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Sex-Related Differences in Innate and Adaptive Immune Responses to SARS-CoV-2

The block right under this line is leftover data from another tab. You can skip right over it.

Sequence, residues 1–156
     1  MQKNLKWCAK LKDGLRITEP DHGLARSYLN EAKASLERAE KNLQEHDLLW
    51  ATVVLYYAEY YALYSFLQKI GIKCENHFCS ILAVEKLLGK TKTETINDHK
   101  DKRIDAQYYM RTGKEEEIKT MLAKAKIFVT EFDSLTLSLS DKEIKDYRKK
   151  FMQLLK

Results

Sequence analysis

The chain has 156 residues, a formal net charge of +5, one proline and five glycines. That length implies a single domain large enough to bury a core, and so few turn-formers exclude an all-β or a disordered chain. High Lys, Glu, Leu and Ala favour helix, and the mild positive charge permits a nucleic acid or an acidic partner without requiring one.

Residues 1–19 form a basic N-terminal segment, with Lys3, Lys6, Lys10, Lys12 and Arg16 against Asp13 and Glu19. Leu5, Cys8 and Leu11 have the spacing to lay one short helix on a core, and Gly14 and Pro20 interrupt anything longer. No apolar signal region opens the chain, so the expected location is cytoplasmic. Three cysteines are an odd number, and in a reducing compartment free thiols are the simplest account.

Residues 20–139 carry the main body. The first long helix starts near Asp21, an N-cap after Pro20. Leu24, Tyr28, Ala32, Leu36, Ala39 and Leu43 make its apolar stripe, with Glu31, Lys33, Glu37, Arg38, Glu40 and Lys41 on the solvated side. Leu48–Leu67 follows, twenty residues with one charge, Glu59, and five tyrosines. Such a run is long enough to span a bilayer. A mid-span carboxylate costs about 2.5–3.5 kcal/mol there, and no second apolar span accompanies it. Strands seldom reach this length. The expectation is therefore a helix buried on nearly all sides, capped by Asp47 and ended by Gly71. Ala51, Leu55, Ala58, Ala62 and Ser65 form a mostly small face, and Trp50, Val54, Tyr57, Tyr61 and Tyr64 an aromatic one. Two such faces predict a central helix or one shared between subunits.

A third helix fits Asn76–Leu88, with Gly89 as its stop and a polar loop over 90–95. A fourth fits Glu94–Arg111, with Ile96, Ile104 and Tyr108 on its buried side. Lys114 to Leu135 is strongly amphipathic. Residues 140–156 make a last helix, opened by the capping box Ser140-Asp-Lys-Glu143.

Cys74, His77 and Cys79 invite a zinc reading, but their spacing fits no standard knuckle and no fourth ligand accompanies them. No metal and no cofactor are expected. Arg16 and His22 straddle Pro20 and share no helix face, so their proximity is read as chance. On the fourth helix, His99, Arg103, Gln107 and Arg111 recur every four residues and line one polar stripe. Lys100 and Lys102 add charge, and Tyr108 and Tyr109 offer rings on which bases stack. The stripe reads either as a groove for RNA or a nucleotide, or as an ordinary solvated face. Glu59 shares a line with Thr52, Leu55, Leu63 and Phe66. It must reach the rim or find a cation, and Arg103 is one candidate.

Coronavirus disease 2019 (COVID-19) exhibits a sex bias with males showing signs of more severe disease and hospitalizations compared with females. The mechanisms are not clear but differential immune responses, particularly the initial innate immune response, between sexes may be playing a role. The early innate immune responses to SARS-CoV-2 have not been studied because of the gap in timing between the patient becoming infected, showing symptoms, and getting the treatment. The primary objective of the present study was to compare the response of dendritic cells (DCs) and monocytes from males and females to SARS-CoV-2, 24 h after infection. To investigate this, peripheral blood mononuclear cells (PBMCs) from healthy young individuals were stimulated in vitro with the virus. Our results indicate that PBMCs from females upregulated the expression of HLA-DR and CD86 on pDCs and mDCs after stimulation with the virus, while the activation of these cells was not significant in males. Monocytes from females also displayed increased activation than males. In addition, females secreted significantly higher levels of IFN-α and IL-29 compared with males at 24 h. However, the situation was reversed at 1 week post stimulation and males displayed high levels of IFN-α production compared with females. Further investigations revealed that the secretion of CXCL-10, a chemokine associated with lung complications, was higher in males than females at 24 h. The PBMCs from females also displayed increased induction of CTLs. Altogether, our results suggest that decreased activation of pDCs, mDCs, and monocytes and the delayed and prolonged IFN-α secretion along with increased CXCL-10 secretion may be responsible for the increased morbidity and mortality of males to COVID-19.

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